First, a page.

For more ideas, check out previous entries from the TRC Training Hub on movement and songs and finger plays.

To receive credit for this online training, please fill out the form here

Monday, July 8, 2013

More Summer Read-Alouds




Sounds too good to be true. Reading research has demonstrated that having fun doing new things makes you a better reader. Really. Going to the zoo, having a picnic, learning to swim or ride a bike, going to the county fair — they all make you a better reader. 

Everyone is talking about summer learning loss these days, but summertime can also allow for new life experiences and vocabulary that translate into learning gains. Long days and no school can mean more time for adventure and exploration. Summertime provides many kids with the opportunity to have new experiences, building their bank of knowledge and vocabulary, which, in turn, can strengthen their reading comprehension.

At The Reading Connection, we try to build on kids’ personal experiences, and provide some new ones, to build both motivation for reading and reading comprehension skills. Here are four more Read-Aloud outlines about common summer experiences for you to try with the kids at your site or in your life. 


Carnivals, fairs and amusement parks Read-Aloud
What do you think of when you hear “county fair” or “amusement park?” Thrilling rides? Sticky foods? Games of chance? How about crowds, bright lights and giant vegetables? Explore this summertime phenomenon at your Read-Aloud with books about roller coasters, fairs and contests, and then play some games of chance, learn about centripetal force or judge a contest.


Picnic Read-Aloud
Eating outside is fun. And risky. Do your Read-Aloud picnic-style, with a blanket and snacks. Outdoors, weather permitting. The books explore the ups and downs of picnicking and the activities bring picnics, and the books, to life.

Summer sports Read-Aloud
Do you remember learning to swim, ride a bike or play baseball? Read about all kinds of summer sports and then PLAY for a super sporty Read-Aloud!


Zoo and Aquarium Read-Aloud
Kids love wild animals. Explore the world of zoos or aquariums (the animals, the people who work there, and the visitors) at your Read-Aloud session. Learn about specific animals or endangered species. Then let the kids try their hands at feeding the animals or making their own aquarium.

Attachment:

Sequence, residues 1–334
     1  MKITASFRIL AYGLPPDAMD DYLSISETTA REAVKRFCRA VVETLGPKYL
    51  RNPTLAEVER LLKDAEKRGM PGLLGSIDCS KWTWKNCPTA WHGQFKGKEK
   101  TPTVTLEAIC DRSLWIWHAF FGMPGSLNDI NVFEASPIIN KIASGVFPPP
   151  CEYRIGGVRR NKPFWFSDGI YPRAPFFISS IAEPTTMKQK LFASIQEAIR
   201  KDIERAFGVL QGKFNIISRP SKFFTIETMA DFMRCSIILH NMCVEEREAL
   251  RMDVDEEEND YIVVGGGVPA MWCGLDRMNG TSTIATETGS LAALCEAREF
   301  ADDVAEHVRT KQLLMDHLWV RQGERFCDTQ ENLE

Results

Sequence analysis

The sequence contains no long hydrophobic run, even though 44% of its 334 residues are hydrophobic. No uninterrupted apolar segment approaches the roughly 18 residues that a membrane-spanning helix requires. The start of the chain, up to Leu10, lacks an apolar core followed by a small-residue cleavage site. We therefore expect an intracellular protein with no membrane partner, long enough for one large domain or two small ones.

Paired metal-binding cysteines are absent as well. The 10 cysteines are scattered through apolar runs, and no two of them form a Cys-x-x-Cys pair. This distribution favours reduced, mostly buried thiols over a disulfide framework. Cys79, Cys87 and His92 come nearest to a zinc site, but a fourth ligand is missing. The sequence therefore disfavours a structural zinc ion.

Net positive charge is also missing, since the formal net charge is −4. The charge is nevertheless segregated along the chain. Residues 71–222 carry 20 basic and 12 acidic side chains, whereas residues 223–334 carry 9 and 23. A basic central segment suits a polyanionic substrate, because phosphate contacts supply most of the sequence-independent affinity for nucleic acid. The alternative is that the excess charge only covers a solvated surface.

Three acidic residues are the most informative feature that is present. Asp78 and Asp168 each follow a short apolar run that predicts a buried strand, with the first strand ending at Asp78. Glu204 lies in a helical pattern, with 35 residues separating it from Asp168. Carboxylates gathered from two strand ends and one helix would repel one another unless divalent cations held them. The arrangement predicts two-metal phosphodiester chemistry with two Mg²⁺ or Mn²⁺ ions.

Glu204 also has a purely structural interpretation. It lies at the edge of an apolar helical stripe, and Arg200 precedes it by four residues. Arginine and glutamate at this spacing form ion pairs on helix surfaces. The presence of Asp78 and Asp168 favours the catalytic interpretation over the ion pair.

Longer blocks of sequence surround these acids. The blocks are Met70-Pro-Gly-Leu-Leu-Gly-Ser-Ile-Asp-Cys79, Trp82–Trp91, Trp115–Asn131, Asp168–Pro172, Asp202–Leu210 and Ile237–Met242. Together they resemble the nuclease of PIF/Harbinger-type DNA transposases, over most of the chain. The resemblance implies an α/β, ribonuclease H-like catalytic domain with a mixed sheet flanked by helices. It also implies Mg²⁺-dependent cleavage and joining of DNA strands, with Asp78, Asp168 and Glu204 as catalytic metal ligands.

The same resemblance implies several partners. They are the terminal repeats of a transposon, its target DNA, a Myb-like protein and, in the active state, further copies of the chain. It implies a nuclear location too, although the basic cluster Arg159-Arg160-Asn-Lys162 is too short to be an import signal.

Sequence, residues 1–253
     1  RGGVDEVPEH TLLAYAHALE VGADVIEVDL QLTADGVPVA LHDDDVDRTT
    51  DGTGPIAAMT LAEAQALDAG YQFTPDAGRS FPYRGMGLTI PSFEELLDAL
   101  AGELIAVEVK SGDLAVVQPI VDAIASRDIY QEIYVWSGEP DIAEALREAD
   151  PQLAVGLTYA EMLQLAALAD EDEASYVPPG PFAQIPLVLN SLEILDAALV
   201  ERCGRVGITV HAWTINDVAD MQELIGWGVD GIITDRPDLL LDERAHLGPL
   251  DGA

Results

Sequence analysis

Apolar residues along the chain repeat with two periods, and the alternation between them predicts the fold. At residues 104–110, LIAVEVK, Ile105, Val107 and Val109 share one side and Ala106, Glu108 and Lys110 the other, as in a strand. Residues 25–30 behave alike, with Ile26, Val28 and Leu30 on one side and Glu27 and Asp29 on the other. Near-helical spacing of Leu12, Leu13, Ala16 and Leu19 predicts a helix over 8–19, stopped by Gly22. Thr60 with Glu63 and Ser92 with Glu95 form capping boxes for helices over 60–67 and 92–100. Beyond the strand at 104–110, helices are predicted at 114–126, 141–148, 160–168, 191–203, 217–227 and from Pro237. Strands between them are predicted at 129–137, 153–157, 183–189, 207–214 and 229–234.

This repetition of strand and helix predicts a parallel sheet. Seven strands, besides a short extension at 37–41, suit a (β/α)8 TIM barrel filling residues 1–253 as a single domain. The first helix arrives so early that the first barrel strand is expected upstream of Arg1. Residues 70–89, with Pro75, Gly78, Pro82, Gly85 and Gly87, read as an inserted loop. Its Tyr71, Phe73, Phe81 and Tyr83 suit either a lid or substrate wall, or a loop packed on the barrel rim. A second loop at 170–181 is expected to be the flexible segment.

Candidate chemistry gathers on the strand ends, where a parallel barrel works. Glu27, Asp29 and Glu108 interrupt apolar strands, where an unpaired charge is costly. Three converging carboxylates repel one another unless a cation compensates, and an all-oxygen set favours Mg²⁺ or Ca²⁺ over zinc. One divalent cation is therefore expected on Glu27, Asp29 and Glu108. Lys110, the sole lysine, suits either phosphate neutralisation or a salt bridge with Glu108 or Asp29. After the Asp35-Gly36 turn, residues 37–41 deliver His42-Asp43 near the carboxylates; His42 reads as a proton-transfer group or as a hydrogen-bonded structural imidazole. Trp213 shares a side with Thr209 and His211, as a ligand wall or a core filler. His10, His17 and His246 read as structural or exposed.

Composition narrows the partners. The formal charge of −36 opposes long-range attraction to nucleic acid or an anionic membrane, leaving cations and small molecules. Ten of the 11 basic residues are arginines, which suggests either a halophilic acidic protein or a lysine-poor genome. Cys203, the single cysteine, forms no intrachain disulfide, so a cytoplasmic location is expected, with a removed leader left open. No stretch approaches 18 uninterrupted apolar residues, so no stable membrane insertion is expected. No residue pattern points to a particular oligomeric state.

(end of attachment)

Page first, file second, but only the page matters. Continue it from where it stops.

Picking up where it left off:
Whether you are creating an experience for a child for the first time, or reinforcing an adventure they’ve had this summer, these summer Read-Alouds will be sure to please the kids and boost their knowledge at the same time.


To receive credit for this online training, please fill out the form here.
 

Monday, July 1, 2013

Author Profile: Mo Willems

“Always think of your audience, never think for your audience.”

This week, we’re featuring an author who has been called a master of children’s literature: the brilliant, award-winning Mo Willems. Since receiving a Caldecott Medal Honor in 2004 for his now-classic picture book, Don’t Let the Pigeon Drive the Bus!, Willems has written and illustrated over 40 books for children. 




 

His books are deceptively simple, as if any parent could have made them, but there is more than meets the eye behind the illustrations that Willems uses. They express the story clearly and allow the reader to focus more closely on the text. Instead of imitating life, he uses his illustrations to help create joy and magic in his stories.
Although his books appear to be written for a very young reader, he has said that he doesn’t write for a certain age because he wants to have as large an audience as possible. His clever humor and the way he writes about emotions like jealousy, sadness and joy make it easy for readers of any age to connect to his books, and parents especially will be able to relate. The tactics that the sly Pigeon uses to try to convince the reader to let him drive the bus, stay up late or get a puppy are strikingly familiar to anyone who has tried to bargain with a child.
The work of Willems could easily become a theme for a Read-Aloud. While his most famous picture book characters are Pigeon and Knuffle Bunny, he also created an extensive series of early readers focused around the relationship between Elephant and Piggie. These books can spark discussions about different situations and can help children learn to be more empathetic. There are also a number of craft and activity ideas to go along with these books that could be used at a Read-Aloud. 

At a recent Read-Aloud, a WMATA bus driver read Don’t Let the Pigeon Drive the Bus! to the children. The Pigeon books lend themselves to interaction, as the Pigeon speaks directly to the reader and asks to drive the bus. He tries to persuade the reader by saying he'll be their best friend or even give them five dollars if they let him drive the bus. The kids love to shout out “NOOOO!” when asked if they would let the Pigeon drive the bus!

Regardless of age, any reader will enjoy the vast array books by Mo Willems.


This post was written by The Reading Connection's intern Margaret Fogarty.

To receive credit for this online training, please fill out the form here